Tips on Moving by zqf54458


									Tips on Moving

What, When and Where Decisions
Who Will Move You?
Packing for Your Move
Records, Valuables and Notifying Utilities
Moving Ideas for Kids

What, When and Where Decisions

                Before you call a moving company, decide: What, When, and Where...early in the planning. What's the best way to dispose of items you
                don't want in your new home? Identify furnishings that won't fit and things your family has outgrown. What furnishings will you replace
                within two months? Keep receipts if you give to charity. Try to arrange your move during the least busy period of the month. A high
                percentage of moves occur during the last week of the month and in the summer.

Who Will Move You?

Before you decide whether to move yourself or to have a professional move you, answer these five questions:

        Do you have adequate physical strength and endurance?
        Do you have at least two helpers, one who is stronger than you?
        Can you be sure to have adequate time off work to complete the move on schedule?
        Will your homeowner's policy cover potential loss in case of accident en route?
        Can you carry everything through doorways and up stairs without damage?

Packing for Your Move

Packing is both art and science—art in combining just the right items in each box so that they arrive damage-free, science in producing an inventory that
enables you to quickly find anything you need at a moment's notice after arriving in your new home. Some helpful hints:

        When possible, combine items that will go together in your new home.
        Pack heavy items in smaller, heavy-duty cartons.
        Clearly mark room destination on top and at least one side of each carton.
        Remember, your mover won't know which child is which, so tag bedroom boxes with BR-1 or BR-2 and tape the same tags on appropriate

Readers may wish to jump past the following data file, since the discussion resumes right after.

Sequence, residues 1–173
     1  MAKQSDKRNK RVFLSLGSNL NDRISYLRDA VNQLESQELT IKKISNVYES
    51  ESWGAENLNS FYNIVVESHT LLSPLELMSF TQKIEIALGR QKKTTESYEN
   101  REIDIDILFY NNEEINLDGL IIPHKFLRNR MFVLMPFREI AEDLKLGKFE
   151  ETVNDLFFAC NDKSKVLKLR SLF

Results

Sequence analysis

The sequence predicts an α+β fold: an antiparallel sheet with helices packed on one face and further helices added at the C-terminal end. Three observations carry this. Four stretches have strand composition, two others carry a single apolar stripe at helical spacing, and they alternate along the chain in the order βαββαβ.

bedroom doors.

Be sure to have these items readily available:

        Children's health records (schools require proof of immunization)
        Documentation for your lender, including back tax returns, last two pay stubs, and bank statements for the last six months.

Some items should be moved with you:

        Family records
        Insurance, health, and other related paperwork
        Photo albums

Don't Forget! Pets, Plants, and Perishables:

        Moving is especially tough on pets. Have them groomed on moving day and make plans early for their transit to your new home.
        Some states don't permit plants to cross the state line. Plan to give away your plants to people you know will care for them.
        Four weeks prior to moving, begin the process of reducing your freezer's contents to avoid throwing out large quantities of food.

Records, Valuables and Notifying Utilities

Notify utilities and others before the move. Check this list of businesses to be notified. Gather memorabilia and make plans to move them as carefully as
possible. Do the same for records from the following:

        Business, social organizations
        Country, boat, or sports clubs
        Credit card companies, banks
        Diplomas, school records
        Electric power company
        Family genealogies, pictures
        Health-care providers
        Accountants or tax preparers
        Local telephone company
        Long-distance telephone company
        Magazine subscriptions, book clubs
        Natural gas supplier
        Religious organizations
        Stock brokers, mutual funds
        Cable company
        Water company

Moving Ideas for Kids

                      For the younger members of your family, moving can be upsetting. Communicate openly and realistically with all family members as
                      early as possible. Here are some other helpful hints you can use: Tell children what is happening and include them in the process of
                      selecting the new home, if possible. If children feel included in the decision-making process and "take ownership" of their new
                      home, the transition will be easier.

                              Don't try to get rid of children's favorite items at this time, even though it might make moving simpler.
                              Don't throw away personal stuff behind a child’ back, negotiate what goes and what stays.
                              Bring pictures from the new home and school, as well as special things about the area, according to their interests.
                              Ask the new coach, scout leader, teacher, etc., to call your child.
                              Don't forget grandparents, cousins, and your extended family, close friends of adults and children. Share the excitement
                              and responsibilities.

                      If every family member takes responsibility for an age-appropriate part of the move, yours can be an easy move.

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